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Game thinking from Adam Clare

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Come Play Stardoz at Maker Festival Toronto

Stardoz with Oculus Rift

Maker Festival Toronto is happening this weekend (August 1&2) and it’s FREE!

I’ll be showing Stardoz complete with Oculus Rift support. I’ve modified the game quite a bit since the last time I showed it and it’s even more fun! Come on down and play Stardoz and all the other really cool projects that all the crazy makers have created.

Stardoz with Oculus Rift warp

If you’re curious here’s a partial list of what I changed:
-Enemy spawn rate
-Timer display
-Weapon performance
-AI vastly improved
-More SFX
-Easier to navigate menu (no head rotation needed)

Pictures of the Maker party last week:


Play Stardoz on the Oculus Rift at Make it Glow

Stardoz now has Oculus Rift support and you can play it next week in Toronto at Make it Glow, part of the Maker Festival.

Stardoz was made at TOJam and uses an Arduino heartbeat monitor to spawn enemies. You must stay calm and fight off the enemies. Now with Oculus Rift support you can fly around through meta-space with the ability to look around in 360 degrees. Is the game more fun with the Oculus Rift? You’ll have to play it to find out (hint: yes).

I’m still tweaking some of the gameplay and interfaces to make the Oculus Rift experience so much more than the non-VR version.

Playing Stardoz with the Oculus Rift

Playing Stardoz with the Oculus Rift

Make it Glow will have tons of fun exhibits and other oddities to check out!

There’ll be glittery things to gawk at, projects to play with, and science-ness on display. PLUS the evening will be brought to life thanks to Electric Runway – a fashion-meets-technology spectacle featuring smart garments, 3D printed jewelry, brain-sensing headbands, and light-up-everything sourced from makers near and far.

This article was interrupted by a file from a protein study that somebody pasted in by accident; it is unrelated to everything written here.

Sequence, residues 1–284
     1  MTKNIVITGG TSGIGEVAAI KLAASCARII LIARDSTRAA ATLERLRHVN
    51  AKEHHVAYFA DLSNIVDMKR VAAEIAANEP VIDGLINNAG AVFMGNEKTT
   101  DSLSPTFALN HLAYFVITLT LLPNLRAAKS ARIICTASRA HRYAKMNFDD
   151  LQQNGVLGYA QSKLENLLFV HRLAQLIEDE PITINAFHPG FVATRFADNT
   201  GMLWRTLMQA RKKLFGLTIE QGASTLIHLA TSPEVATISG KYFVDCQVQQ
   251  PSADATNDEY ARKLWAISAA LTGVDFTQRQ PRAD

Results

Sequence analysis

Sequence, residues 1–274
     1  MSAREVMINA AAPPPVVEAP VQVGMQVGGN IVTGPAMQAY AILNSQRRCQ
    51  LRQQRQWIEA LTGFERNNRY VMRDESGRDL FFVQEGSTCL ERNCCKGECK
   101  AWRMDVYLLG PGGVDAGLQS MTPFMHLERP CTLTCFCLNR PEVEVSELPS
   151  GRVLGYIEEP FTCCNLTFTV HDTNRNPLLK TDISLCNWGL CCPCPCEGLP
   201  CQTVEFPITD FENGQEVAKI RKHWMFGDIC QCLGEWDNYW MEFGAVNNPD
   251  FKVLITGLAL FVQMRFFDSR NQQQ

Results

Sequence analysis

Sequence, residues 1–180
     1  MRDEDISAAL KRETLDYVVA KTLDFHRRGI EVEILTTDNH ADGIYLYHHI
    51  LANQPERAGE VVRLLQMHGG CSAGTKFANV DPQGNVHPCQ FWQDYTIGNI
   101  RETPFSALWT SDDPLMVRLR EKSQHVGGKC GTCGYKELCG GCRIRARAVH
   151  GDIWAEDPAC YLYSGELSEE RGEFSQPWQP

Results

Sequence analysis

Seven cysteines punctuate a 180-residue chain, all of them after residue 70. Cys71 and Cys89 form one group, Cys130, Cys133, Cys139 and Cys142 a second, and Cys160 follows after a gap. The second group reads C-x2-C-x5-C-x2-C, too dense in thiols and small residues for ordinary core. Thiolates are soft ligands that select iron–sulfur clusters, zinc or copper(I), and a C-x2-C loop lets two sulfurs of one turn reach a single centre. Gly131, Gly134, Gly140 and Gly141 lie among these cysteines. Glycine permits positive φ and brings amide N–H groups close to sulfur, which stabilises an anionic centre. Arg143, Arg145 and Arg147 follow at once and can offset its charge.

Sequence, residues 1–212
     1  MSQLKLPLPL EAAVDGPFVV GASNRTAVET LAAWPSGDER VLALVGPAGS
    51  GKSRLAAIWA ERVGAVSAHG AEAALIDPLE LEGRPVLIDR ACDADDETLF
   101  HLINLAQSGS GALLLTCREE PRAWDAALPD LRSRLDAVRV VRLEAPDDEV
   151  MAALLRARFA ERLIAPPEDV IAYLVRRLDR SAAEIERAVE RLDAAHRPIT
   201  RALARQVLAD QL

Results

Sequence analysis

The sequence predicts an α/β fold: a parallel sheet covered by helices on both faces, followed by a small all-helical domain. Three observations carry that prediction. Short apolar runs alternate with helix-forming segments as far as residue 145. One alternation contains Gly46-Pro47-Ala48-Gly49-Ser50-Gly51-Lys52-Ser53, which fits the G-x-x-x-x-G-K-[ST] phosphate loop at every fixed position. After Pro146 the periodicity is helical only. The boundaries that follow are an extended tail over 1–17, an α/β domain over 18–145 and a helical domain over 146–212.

Join us as we sip on sparkles, paint with light, hypnotize our inner-cynic, reignite our maker spirit, and tinker toward a (techni-coloured!) future made by many.

Get your tickets to Make it Glow now!

Stardoz! My Game Which Uses Heartbeats To Spawn Enemies


First version of Stardoz

Stardoz is a crazy experimental biometric-driven game I built at TOJam a few weeks back. In the game you fly around in a spaceship shooting at giant floating heads and hands. It’s similar to many flying in space combat games.

The catch is that your heartbeat controls the spawn rate of enemies. The pulsing red border on the screen shows the player’s heart at work.

If floating heads seems familiar to you, it’s because you may remember the movie Zardoz starring Sean Connery. Just watch the trailer to see how zany the movie is.

Really, the gameplay is similar in play insofar that “the gun is good” and that one survives by ‘killing’. It’s very simple gameplay with a neat twist. I made Stardoz to test out some space-based game mechanics and to incorporate some biometric data into a game.

Playtesters have liked the heartbeat spawn mechanic and only one player took issue that the game is hard for people with high resting heart rates. I’m still tweaking the spawn rate but it’s alright for the most part.

Stardom being played

The art confuses players and that’s a design goal of mine. I wanted it to cross between the ridiculous and the overly-symbolic. Thus, instead of a score it lists how many egos you’ve destroyed and how many emotions you have. .

You are flying through space (or is mindspace?) destroying representations of human forms. In some cases it’s heavy handed and in some ways quite subtle (only one person has figured out the symbolic placement of the TOJam goat).

Getting the Heartbeat

Pulse Sensor

With the excellent help of J Lee, I was able to get an Arduino Uno board to work with a pulse sensor which meant that heartbeats could be tracked using Unity. The heartbeat is tracked using this pulse sensor which was really easy to connect to the Arduino and to configure it into Unity.

“Fun fact”: for Windows use COM4 and /dev/cu.usbmodem1421 for Macs as the port for Unity to talk to the Arduino. At least this is what worked for my setup. Results may vary.

The pulse sensor goes around the player’s finger and surprisingly doesn’t interfere with gameplay controls. It can be attached to the player’s ear but it just feels weird.

Here it is in action around the left index finger of a player:

Heartbeat sensor with game controller

Next Steps

For this game will be to see if I can get it working with the Apple Watch (or Android Wear), if it works maybe I’ll release it for anyone to play. In the meantime I’m hoping to show it at upcoming events.

Stardoz restart


These are the games that I’ve made, sometimes on my own, sometimes with other people. This page covers most of my ludology. If I documented making the game then I provide a link in the description to blog posts about it. For example, all of my One Game a Month games have at least one accompanying blog post.